North Beach dive bar Columbus Cafe will reinstitute its free drink chip program
Columbus Cafe, a bar at 562 Green Street, isn’t a showy spot, nor is it a place laden with notable San Francisco history. Old timers do not tell tales of Beat-era authors who penned great works at its tables, nor of seminal punk bands that made early-days appearances on its boards. It’s just an unassuming dive bar with a loyal clientele, the kind of spot that seems to close all-too-often these days. But that’s not the story this time, Broke-Ass Stuart reports, as three longtime staffers of Columbus Cafe have banded together to buy the venue and keep it open.
This is the second time in recent days that we’ve heard of an employee coalition that has ensured the future of a neighborhood favorite. On January 15, three employees of beloved Cole Valley restaurant Zazie took ownership of the spot, purchasing it from Jennifer Bennett (Zazie’s former GM, who bought the restaurant from founder Catherine Opoix in 2005).
While Zazie is known for its brunch, Columbus Cafe was known for its beer chip happy hour, during which drinkers between 4 and 7 p.m. were awarded a token good for an additional drink at no cost. It was a practice that was “discontinued a few years back,” Broke-Ass reports, leaving the chips that were still in circulation without value. Columbus Cafe’s new owners, Beka Woods-Kennedy (11 years at Columbus Cafe), Will DeVault (12 years), and Ben Morrison (5 years) say that they’ll be bringing the drink chip system back, and “plan on honoring the old chips that are still out in circulation.”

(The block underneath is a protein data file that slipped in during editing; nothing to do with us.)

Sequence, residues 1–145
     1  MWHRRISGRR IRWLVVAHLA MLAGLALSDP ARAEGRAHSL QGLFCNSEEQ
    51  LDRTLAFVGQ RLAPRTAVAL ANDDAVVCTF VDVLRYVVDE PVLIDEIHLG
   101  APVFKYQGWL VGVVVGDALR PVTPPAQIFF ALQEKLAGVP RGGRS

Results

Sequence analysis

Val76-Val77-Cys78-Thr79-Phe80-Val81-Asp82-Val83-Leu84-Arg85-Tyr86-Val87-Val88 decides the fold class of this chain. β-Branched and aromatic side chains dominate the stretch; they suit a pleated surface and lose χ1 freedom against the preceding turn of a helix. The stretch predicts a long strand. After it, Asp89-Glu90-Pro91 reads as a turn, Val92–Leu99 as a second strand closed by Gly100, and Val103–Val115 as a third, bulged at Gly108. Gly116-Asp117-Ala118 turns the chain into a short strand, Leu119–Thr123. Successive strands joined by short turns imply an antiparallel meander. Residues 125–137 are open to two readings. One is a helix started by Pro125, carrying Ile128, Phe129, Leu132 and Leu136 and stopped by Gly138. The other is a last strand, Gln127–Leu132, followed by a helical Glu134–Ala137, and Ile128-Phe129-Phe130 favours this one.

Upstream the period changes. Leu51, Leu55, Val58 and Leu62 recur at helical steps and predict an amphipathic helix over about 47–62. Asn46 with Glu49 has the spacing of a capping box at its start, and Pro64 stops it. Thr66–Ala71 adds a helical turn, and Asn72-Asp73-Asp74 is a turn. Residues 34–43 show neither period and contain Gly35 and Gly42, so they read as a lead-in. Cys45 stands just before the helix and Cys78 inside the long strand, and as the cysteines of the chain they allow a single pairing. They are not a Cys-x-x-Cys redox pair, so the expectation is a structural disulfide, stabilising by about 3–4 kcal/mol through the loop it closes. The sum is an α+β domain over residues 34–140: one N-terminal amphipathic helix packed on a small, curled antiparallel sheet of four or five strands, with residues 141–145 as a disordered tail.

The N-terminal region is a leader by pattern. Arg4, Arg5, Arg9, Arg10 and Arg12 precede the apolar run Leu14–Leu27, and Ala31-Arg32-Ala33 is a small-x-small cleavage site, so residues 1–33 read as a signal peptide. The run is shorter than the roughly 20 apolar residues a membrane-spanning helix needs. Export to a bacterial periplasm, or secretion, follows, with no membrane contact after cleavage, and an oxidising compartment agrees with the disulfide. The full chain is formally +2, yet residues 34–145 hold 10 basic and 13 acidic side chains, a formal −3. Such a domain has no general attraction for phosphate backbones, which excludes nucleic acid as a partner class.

The bar began as a spot for longshoremen back in 1936, and its new owners say that they want to hang on to the venue’s working class roots. “I’d be heartbroken to see someone come in and make [Columbus Cafe] another cocktail bar,” Woods-Kennedy says. “We’re gonna keep the same vibe and feel and legacy of Columbus Cafe, and part of that is making sure we take care of broke people. It’s hard enough out here.”
And in other news...
- A truck carrying 16,000 pounds of avocados wiped out in the Oakland Hills Sunday night, closing Highway 13 for about six hours. [NBC Bay Area]
- Board game cafes like Berkeley’s Victory Point Cafe and SF’s Game Parlour “are the new night clubs,” culture writer Jessica Yadegaran argues. [Bay Area News Group]
- Here’s a map of the Bay Area bars and restaurants from Netflix rom-com Always Be My Maybe. (That avant garde restaurant where they met up with Keanu is actually a utility room at the Contemporary Jewish Museum!) [Entertainment Weekly]
- The Lucky Penny, a classic SF diner that closed in 2015, is one step closer to destruction after the city’s Planning Commission approved plans for a 101-unit apartment complex where it now stands. [SF Business Times]
- Chron food critic Soleil Ho took a break last week, but says that in her downtime she caught up on Bon Appetit’s viral test kitchen videos, where she was disturbed to discover that “staffers of color are sidelined or relegated to cameos on their white colleagues’ shows.” [SF Chronicle]
- Barebottle Brewing Company, a Bernal Heights taproom, will soon open a second location in Santa Clara Square. [Barebottle/Instagram]